Below are the five most common meanings of the word Electricity.
Which one do you think is right? Think about this carefully, because if
these meanings is correct, all the others must be wrong! After all, no
"science term" must ever possess several conflicting definitions.
Unfortunately our dictionaries and encyclopedias contain all of these
contradictions. (Click the links to find out more about each.)
If we wish to agree on a single correct definition of "electricity," which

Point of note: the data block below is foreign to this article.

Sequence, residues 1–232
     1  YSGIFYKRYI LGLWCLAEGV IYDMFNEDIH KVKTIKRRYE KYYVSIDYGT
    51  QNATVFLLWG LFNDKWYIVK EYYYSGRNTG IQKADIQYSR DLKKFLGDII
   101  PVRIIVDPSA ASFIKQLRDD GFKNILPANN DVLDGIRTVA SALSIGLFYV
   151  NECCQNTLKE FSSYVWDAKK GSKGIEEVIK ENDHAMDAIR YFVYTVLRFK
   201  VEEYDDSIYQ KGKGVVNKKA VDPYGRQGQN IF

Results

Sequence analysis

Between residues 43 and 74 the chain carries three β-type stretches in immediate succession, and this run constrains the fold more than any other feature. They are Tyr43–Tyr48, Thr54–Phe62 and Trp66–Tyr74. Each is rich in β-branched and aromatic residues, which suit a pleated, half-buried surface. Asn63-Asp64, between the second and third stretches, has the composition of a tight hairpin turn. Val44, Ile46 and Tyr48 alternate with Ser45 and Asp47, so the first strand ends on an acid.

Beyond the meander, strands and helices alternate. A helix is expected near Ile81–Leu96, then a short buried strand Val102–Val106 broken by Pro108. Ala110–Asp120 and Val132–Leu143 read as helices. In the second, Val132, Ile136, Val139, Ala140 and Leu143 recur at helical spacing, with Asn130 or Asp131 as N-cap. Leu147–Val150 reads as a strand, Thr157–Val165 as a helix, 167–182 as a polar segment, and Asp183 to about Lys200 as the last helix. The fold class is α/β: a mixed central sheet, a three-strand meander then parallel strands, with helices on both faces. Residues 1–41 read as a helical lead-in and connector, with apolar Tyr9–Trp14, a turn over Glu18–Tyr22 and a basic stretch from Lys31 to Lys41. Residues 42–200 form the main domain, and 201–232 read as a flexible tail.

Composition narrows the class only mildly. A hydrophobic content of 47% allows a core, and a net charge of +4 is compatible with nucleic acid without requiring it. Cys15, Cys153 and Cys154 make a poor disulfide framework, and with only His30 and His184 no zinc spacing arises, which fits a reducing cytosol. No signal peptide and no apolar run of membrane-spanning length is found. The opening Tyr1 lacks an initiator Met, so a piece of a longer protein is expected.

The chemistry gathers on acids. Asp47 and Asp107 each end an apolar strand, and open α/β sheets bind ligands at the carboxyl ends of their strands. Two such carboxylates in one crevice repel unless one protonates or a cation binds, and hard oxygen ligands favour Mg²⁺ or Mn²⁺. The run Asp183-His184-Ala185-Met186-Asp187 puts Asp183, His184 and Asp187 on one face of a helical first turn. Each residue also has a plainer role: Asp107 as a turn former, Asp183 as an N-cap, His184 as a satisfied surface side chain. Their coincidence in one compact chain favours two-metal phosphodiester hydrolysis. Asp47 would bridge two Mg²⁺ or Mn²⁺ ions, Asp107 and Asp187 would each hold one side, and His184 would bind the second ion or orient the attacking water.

definition should we choose? The Scientific version, number one above?
But that would mean that all of our books are wrong, since books insist
that electricity is the energy, or that electricity is the current.
Except for the CRC Handbook and the NIST SI
the textbooks which use the scientific definition are all seventy years
old, or older.
Well, maybe we don't need to choose just one definition. Could we mix them? Suppose we ignore all these contradictions and instead pretend that all of the above definitions are true. Below is the "clear" and "simple" description of electricity which results: